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Professor Chowdhury’s research addresses several issues of comparative constitutional law that includes federalism, constitutional courts, bills of rights, official language policy and tools that manage transition for, conflict politics to democratic and peaceful politics and many more issues.

Professor Choudhry developed an interest in creating a global knowledge network that can assist the current constitutional democracies early in his career. He identified a gap that is lack of an up to date research on constitutional implementation and that this was a barrier to him whenever he wanted to offer constitutional advice. This is what gave him the idea to develop a center for Constitutional Transitions.  Listen to Sujit’s insight on things, click danielbudzinski.com

His background of being an immigrant with degrees from three countries inspired and influenced him to pursue public policy in an objective manner. The fact that he was born in India and raised in Canada also influenced his global perspective. Professor Sujit Choudhry was born of educated parents who fostered his intellectual stimulation at an early age. His father was an Economics teacher at the University of Toronto and the mother was a nursing trainer.

The professor has worked at University of Toronto as the school chair and as a professor at New York University. He has published several book chapters, articles, and reports. Some of his books are; The Oxford Handbook of the Indian Constitution and The Migration of Constitutional Ideas, check indiawest.com. These are just a few of his many remarkable achievements, click on law,nyu.edu and watch a video clip of his acceptance speech to one of his remarkable achievements.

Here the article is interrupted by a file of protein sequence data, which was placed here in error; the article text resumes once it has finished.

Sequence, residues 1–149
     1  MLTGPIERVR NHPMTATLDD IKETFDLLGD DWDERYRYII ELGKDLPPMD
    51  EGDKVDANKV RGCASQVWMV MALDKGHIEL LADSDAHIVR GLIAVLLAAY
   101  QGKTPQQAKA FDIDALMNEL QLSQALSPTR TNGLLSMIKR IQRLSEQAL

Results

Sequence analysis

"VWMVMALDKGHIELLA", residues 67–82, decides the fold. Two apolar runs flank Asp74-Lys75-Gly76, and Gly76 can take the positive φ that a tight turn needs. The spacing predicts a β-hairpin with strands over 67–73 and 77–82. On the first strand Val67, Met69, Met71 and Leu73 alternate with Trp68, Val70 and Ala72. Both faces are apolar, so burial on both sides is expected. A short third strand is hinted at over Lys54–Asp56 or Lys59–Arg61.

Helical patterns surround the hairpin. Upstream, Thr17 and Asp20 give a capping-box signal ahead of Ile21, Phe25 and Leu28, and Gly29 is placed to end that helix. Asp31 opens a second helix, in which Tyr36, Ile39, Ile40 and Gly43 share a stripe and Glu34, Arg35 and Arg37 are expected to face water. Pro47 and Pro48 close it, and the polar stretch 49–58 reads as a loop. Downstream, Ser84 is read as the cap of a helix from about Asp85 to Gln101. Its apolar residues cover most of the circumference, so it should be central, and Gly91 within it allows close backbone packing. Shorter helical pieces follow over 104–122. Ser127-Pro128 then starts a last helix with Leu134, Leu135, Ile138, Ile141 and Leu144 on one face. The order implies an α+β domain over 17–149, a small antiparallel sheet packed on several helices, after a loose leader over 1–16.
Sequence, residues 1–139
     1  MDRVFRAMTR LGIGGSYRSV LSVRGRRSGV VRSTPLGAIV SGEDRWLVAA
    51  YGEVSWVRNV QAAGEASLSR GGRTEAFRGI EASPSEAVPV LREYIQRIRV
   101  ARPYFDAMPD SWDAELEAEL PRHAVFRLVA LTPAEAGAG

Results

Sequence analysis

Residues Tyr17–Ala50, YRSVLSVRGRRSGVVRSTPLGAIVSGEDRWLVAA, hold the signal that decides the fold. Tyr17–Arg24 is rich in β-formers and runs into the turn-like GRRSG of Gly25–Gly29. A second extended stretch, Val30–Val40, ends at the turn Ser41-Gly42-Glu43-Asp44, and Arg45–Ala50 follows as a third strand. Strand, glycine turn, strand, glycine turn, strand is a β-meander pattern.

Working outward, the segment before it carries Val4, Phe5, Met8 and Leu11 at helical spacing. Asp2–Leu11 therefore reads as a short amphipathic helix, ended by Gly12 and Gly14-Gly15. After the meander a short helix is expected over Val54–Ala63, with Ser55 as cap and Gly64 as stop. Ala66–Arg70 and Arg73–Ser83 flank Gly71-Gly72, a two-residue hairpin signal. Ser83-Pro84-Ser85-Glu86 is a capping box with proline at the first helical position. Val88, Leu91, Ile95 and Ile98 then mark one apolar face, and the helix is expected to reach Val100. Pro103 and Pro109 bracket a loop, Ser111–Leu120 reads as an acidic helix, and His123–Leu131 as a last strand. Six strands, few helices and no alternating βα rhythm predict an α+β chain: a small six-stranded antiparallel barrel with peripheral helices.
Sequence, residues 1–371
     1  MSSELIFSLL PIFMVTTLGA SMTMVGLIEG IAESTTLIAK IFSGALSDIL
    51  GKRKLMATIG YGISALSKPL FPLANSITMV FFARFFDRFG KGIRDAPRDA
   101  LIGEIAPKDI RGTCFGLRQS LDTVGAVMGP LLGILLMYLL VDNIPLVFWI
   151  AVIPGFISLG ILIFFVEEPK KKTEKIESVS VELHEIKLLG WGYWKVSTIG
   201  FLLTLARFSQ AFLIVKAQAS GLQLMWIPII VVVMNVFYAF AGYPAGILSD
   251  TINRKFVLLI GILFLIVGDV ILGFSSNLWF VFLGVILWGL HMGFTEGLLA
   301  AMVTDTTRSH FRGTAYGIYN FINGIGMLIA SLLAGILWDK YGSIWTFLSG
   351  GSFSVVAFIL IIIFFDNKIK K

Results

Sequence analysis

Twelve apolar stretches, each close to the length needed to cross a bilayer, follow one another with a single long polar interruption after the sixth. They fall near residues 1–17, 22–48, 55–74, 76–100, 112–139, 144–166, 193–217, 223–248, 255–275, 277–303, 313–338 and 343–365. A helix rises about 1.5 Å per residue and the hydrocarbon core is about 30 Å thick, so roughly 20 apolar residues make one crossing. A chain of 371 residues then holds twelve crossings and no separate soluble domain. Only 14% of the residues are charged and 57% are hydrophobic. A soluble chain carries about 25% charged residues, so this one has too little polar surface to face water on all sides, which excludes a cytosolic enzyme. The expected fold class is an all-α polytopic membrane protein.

For an extensive reading about Sujit visit http://sujitchoudhry.com/about/

Sujit Choudhry and the Center for Constitutional Transitions

Sujit Choudhry is an international authority on constitutional law. He is the founding director of the Center for Constitutional Transitions, a group of senior policy practitioners and scholars that produce evidence-based policy options that help decision-makers ultimately develop a constitution for their countries. To date they have advised 25 countries including Egypt, Turkey, Tunisia and Jordan.  More of this on blogs.law.nyu.edu.

Related articles to read here.

Sujit Choudhry believes, “No constitutional democracy is complete without a constitution and no constitution is complete without an expert in comparative constitutional law.” This is one of the reasons Choudhry holds so many law degrees, three total from Toronto, Harvard and Oxford. As an authority on comparative constitutional law, he leads the experts assembled at the Center for Constitutional Transitions in setting agendas for country leaders seeking guidance in constructing their new constitutions.  Listen to Sujit sharing his views on various things in his field of interest, hit on danielbudzinski.com.